"For most of us, freedom is an idea and not an actuality. When we talk about freedom, we want to be free outwardly, to do what we like, to travel, to
be free to express ourselves in different ways, free to think what we like. The outward expression of freedom seems to be extraordinarily important,
especially in countries where there is tyranny, dictatorship; and in those countries where outward freedom is possible one seeks more and more
pleasure, more and more possessions.
If we are to inquire deeply into what freedom implies, to be inwardly, completely and totally free - which then expresses itself outwardly in society,
in relationship - then we must ask, it seems to me, whether the human mind, heavily conditioned as it is, can ever be free at all. Must it always live
and function within the frontiers of its own conditioning, so that there is no possibility of freedom at all? One sees that the mind, verbally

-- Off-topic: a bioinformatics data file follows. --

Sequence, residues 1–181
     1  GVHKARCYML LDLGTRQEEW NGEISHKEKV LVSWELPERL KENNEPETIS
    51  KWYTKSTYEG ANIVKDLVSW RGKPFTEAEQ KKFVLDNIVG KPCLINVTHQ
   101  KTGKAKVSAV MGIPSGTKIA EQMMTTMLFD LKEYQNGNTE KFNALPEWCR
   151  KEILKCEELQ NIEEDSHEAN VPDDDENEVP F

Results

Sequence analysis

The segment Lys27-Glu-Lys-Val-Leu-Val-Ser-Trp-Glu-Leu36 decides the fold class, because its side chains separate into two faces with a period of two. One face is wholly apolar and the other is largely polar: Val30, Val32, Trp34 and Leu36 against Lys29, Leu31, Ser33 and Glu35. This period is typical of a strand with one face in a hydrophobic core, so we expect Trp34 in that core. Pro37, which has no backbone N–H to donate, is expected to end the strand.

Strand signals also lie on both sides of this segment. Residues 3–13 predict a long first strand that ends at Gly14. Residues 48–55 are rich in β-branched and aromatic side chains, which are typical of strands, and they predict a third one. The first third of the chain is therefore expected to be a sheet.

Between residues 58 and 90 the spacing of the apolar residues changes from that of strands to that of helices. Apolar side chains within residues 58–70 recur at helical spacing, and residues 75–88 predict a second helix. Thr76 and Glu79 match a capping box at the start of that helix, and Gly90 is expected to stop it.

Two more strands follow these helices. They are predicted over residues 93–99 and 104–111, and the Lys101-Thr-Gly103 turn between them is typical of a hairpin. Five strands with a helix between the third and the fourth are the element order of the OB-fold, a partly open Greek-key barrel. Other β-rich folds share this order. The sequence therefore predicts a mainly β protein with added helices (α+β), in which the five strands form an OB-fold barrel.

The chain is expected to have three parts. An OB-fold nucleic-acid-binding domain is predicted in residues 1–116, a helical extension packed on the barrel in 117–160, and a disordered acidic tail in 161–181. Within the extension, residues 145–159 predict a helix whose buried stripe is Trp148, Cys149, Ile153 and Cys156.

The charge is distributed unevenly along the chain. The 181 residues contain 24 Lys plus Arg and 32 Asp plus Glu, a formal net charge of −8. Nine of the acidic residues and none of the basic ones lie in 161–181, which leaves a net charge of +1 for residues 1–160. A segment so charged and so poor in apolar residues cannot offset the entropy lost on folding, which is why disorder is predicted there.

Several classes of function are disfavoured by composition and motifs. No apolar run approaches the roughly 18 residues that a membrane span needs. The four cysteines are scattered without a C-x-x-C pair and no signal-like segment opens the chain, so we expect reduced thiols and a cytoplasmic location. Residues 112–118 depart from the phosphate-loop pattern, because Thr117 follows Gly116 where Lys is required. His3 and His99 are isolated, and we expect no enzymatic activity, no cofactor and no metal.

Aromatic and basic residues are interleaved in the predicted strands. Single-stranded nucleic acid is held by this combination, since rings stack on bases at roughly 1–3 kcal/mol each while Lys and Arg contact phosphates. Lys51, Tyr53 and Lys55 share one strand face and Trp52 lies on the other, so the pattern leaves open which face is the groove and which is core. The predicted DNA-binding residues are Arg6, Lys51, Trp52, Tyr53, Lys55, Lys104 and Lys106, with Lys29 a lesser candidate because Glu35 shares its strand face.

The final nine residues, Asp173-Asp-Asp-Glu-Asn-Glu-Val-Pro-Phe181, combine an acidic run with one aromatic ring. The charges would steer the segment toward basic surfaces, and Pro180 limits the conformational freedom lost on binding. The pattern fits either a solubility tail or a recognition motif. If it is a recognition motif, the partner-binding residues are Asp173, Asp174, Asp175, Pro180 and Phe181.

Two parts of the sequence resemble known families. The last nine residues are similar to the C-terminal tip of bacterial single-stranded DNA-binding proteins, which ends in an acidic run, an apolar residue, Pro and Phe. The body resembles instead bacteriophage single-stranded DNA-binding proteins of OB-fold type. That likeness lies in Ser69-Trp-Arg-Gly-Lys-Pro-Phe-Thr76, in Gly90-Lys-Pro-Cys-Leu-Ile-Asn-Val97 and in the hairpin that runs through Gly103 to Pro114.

understanding that there is no freedom here on this earth, inwardly or outwardly, then begins to invent freedom in another world, a future liberation,
heaven and so on.
Put aside all theoretical, ideological, concepts of freedom so that we can inquire whether our minds, yours and mine, can ever be actually free, free
from dependence, free from fear, anxiety, and free from the innumerable problems, both the conscious as well as those at the deeper layers of the
unconscious. Can there be complete psychological freedom, so that the human mind can come upon something which is not of time, which is not put
together by thought, yet which is not an escape from the actual realities of daily existence? Unless the human mind is inwardly, psychologically,
totally free it is not possible to see what is true, to see if there is a reality not invented by fear, not shaped by the society or the culture in
which we live, and which is not an escape from the daily monotony, with its boredom, loneliness, despair and anxiety. To find out if there is actually
such freedom one must be aware of one's own conditioning, of the problems, of the monotonous shallowness, emptiness, insufficiency of one's daily